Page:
Caritas Australia started in the early 1960s among lay Catholics who wanted to make a difference on issues of social justice. To tackle the issues of hunger and poverty, they created the Catholic Overseas Relief Committee in 1964.
The same year, parishes collected money to assist a Diocesan Priest working in Peru, Latin America, and the Newman Institute conducted a parish-based Lenten appeal across Adelaide, raising nearly £1000 for a deep-sea fishing boat for First Australian communities off Bathurst Island.
Today, Caritas Australia is part of one of the largest humanitarian networks in the world, Caritas Internationalis, a confederation of 165 national Caritas organisations, with over one million staff and volunteers.
Caritas Australia’s humanitarian assistance and long-term development programs have supported communities in nearly 120 countries across Africa, Asia, the Pacific and Latin America, as well as First Australian communities.
Over the decades, Caritas Australia has also worked to achieve God’s vision of a just and compassionate world by deepening public understanding of poverty, aid and development in Australia. This work has enabled supporters to care, love and partner with the world’s most marginalised in the name of Jesus.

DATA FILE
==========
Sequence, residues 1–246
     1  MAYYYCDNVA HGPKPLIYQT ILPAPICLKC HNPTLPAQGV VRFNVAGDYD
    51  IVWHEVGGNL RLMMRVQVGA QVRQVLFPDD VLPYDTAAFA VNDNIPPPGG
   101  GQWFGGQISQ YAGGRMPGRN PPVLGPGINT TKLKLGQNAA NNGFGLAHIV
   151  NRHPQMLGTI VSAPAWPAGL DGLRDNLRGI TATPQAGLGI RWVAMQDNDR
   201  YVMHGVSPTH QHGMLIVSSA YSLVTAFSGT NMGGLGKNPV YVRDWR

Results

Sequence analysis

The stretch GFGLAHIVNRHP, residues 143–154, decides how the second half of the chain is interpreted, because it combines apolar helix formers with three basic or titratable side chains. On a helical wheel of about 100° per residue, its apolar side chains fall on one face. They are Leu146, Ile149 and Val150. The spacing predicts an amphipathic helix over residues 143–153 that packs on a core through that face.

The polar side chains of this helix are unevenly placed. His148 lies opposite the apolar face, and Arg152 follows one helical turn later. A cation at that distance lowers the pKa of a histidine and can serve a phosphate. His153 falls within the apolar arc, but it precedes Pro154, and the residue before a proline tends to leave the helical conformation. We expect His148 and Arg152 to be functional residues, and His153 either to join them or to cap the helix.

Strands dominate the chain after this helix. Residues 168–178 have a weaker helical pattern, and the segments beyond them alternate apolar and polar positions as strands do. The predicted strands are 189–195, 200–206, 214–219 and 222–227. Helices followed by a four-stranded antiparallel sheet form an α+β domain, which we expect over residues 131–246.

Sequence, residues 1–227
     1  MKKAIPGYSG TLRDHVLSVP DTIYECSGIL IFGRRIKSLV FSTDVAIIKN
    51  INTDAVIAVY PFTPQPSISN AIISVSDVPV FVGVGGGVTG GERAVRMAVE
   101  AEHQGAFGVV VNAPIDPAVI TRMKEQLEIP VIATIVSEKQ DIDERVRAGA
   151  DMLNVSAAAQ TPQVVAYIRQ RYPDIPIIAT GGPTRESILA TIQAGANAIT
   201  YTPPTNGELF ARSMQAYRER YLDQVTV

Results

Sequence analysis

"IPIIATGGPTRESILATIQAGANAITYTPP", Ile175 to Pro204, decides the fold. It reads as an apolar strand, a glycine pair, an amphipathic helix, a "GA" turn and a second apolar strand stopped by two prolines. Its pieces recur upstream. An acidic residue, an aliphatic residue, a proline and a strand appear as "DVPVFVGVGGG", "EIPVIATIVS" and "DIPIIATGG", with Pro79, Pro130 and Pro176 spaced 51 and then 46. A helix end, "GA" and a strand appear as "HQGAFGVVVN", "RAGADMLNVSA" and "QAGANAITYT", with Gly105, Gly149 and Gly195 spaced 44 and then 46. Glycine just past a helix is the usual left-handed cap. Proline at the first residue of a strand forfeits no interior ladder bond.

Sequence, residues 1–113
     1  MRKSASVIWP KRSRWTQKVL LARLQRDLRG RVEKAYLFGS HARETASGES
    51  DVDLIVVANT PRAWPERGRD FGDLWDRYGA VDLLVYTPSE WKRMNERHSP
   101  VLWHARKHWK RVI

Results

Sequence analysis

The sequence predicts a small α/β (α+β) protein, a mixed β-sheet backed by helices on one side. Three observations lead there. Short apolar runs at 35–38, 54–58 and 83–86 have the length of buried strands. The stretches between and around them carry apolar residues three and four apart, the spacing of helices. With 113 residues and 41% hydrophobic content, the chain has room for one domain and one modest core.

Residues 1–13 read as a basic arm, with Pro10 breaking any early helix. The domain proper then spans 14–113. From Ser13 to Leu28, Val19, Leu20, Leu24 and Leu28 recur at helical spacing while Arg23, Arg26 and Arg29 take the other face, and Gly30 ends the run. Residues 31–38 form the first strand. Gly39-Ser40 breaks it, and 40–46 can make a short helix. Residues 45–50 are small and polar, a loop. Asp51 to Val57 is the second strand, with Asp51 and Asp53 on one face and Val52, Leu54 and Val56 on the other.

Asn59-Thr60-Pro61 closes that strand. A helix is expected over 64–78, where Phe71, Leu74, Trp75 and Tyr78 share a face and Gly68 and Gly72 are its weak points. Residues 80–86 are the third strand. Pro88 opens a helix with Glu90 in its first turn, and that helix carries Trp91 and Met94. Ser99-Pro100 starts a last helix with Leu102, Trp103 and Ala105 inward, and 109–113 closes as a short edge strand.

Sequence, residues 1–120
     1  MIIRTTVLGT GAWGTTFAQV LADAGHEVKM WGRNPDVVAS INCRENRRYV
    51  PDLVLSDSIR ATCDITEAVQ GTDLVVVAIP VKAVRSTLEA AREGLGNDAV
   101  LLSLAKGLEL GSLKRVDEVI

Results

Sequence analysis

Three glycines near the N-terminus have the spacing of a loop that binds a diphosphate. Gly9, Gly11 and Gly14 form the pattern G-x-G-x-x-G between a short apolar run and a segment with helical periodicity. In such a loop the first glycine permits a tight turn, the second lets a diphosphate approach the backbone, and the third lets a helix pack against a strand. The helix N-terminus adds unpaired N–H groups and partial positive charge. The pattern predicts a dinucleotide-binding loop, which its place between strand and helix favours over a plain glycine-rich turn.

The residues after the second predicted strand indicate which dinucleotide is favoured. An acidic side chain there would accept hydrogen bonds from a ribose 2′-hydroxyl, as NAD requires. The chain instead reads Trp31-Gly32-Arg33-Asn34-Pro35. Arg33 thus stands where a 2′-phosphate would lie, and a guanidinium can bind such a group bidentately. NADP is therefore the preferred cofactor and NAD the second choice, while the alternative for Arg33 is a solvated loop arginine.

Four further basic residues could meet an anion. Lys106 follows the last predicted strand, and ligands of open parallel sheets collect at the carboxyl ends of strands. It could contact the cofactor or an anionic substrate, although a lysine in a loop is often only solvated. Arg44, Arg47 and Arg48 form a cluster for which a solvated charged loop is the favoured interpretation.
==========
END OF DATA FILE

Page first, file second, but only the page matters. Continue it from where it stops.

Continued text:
Caritas Australia’s CEO, Paul O’Callaghan, said that Australian Catholic schools and parishes have been instrumental in achieving significant change with partner organisations in First Australian communities and overseas.
“For 50 years, our volunteers, supporters, partners and staff have worked alongside some of the world’s poorest communities. All human beings are part of God’s family and each of them is worthy of respect and dignity. We work with them on that basis,” he said.
“When the community is at the centre of decision-making, positive change becomes possible. Caritas Australia fosters partnerships with communities that are most vulnerable to extreme poverty and injustice and supports them to be the architects of their own sustainable development. We have also sought to educate and inspire fellow Australians to act for justice in this regard,” Mr O’Callaghan said.
The story of this support can be found in a new film on the agency’s website, along with other films that focus on work in specific regions. And in this 50th Jubilee year, the story will also be celebrated in a special Celebration Mass with Australia’s Catholic Bishops at Mary MacKillop Chapel in North Sydney on 26 November.
“It is the shared faith, compassion and commitment to act for justice in solidarity with the poor that marks out Caritas Australia’s role in transforming lives within our First Australian communities and in more than 30 countries,” Mr O'Callaghan said.
PHOTO: Front row centre, Roy Boylan one of the founders of Caritas Australia with fellow supporters in the early years. Photo courtesy of ACR/Caritas Australia.
For more information visit www.caritas.org.au/50years to explore Caritas Australia’s interactive timeline, maps and videos, and discover the many faces of Caritas Australia.